Well, this wasn’t supposed to happen. The Yankees weren’t supposed to have bad starts from CC Sabathia and Hiroki Kuroda, and then watch their offense get three-hit, all in the season’s first three games. The results create two camps—those who remember the Red Sox’ 0-6 start last season and are ready to panic, and those who remember the 1998 Yankees’ 0-3 start, and are still absolutely sure the Yankees can still win 110 games and the World Series. The truth is probably somewhere in between—the Yankees probably won’t get swept by the Orioles, and there is a reason a season like 1998 comes with the addendum “once in a lifetime”.
The series with the Rays was closer than it looked, perhaps a couple of defensive miscues the difference between winning two games and winning none. Baseball depends an awful lot on random chance, and that the Yankees’ offense only struck out 16 times over three games suggests making a lot of contact, and eventually some of that contact will fall in for hits. Yes, there are plenty of reasons one should be wary of an aging offense, but it’s not the reason the Yankees just got swept.
On the other hand, the team had better hope for improved pitching performances in Baltimore. Sabathia’s Opening Day struggles are nothing new—of the four times he’s pitched the first game of the season, the Yankees have won just once—and one poor start shouldn’t make Kuroda’s Yankees’ career, but the Yankees are now hoping Ivan Nova, the pitcher who had the worst spring by far, can play stopper. Nova was more than up to the task last year, so there is some precedent, although one gets the feeling there would be more confidence all around had Nova had a better March.
The Yankees aren’t the only “good” team slow to get off the ground—the Braves, Giants, and Red Sox are all 0-3 as well, while the Twins, Mets and Orioles are undefeated. Few, if any, baseball fans would think that the season will end with Minnesota and Baltimore hosting playoff games and the Yankees and Red Sox in their division’s basement. This is an indication of just how long the baseball season is, that three games into the season and there is not a single thing we can say definitively about any one team other than that in most cases they won’t got 162-0.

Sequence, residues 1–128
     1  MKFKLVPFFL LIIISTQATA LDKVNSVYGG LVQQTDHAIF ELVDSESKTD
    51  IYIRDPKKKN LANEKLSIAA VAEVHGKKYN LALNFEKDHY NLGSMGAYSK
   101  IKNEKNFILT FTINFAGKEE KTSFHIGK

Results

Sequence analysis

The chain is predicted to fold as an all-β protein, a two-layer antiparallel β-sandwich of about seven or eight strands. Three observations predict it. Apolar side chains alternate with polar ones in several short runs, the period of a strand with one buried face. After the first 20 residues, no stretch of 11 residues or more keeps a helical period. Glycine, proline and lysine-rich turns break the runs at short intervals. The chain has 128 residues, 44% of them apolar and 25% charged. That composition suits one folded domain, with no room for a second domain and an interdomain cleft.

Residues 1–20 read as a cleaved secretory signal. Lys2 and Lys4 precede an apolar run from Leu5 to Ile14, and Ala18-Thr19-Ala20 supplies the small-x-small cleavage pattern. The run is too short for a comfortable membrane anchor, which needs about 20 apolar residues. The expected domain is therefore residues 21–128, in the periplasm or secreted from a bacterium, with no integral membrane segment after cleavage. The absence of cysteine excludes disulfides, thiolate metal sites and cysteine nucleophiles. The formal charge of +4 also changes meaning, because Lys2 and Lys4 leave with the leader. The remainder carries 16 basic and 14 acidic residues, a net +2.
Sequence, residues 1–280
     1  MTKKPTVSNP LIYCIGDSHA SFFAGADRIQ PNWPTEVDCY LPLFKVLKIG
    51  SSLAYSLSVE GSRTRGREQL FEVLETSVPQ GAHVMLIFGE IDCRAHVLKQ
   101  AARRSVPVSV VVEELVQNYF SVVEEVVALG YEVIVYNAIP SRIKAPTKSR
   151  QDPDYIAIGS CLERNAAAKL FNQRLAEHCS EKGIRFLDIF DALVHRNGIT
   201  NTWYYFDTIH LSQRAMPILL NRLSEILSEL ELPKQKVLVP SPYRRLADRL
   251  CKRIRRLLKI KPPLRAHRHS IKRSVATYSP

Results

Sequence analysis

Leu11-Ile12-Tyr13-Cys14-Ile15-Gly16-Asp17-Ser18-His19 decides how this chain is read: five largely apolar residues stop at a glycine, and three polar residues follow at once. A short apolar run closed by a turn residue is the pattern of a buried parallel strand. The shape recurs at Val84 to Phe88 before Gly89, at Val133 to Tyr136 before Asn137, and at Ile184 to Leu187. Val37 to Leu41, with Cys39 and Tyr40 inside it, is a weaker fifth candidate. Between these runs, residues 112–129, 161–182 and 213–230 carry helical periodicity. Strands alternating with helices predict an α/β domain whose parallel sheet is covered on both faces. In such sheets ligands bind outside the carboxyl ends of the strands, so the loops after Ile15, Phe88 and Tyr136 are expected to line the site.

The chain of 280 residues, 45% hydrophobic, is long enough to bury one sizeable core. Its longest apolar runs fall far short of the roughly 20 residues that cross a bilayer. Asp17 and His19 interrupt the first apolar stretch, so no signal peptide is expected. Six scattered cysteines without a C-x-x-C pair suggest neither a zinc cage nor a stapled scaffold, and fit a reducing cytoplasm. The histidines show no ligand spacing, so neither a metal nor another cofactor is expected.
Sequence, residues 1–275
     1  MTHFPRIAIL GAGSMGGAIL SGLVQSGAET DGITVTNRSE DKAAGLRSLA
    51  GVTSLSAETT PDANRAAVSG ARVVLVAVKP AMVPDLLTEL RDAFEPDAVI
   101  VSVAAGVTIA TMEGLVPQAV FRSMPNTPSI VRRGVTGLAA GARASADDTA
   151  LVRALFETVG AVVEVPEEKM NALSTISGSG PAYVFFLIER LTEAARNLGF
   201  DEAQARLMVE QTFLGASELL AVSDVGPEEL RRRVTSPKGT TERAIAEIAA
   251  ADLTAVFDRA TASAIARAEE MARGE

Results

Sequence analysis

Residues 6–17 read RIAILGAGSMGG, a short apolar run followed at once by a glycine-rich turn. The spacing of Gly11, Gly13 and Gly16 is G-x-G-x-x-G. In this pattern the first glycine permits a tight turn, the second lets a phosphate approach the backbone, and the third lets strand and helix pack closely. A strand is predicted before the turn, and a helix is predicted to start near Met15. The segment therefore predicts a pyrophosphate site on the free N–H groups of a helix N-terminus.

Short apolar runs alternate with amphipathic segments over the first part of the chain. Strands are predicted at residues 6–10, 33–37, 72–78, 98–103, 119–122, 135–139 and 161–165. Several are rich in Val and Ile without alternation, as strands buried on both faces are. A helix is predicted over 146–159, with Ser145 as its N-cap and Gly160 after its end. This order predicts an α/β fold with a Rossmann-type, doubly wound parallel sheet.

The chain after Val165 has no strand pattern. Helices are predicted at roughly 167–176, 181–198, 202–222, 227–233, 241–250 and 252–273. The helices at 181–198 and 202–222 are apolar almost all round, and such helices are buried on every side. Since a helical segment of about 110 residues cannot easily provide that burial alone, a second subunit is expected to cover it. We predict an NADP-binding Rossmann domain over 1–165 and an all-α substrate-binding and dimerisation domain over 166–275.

So, as you watch the Yankees take on the Orioles this week, you need not do so from your window ledge. Losing streaks happen; there is no team that won’t, at some point, lose three games in a row, and most will lose four or five at least once during the 162-game season. The phrase “any given Sunday” is football parlance, but it can easily apply to the baseball diamond as well—in any given game, any one team can beat another, and it’s not until the end of May that anything close to a picture of how the season might shake out will begin to take form.
Would fans have preferred the Yankees to start the season 3-0? Of course, that goes without saying, but 0-3 isn’t a harbinger of doom the way an 0-2 start in the NFL often is, and if one remembers that the Yankees played close games all three in Tampa (even if the second wasn’t close until the game’s end), it would seem that all the Yankees need is a little bit of luck.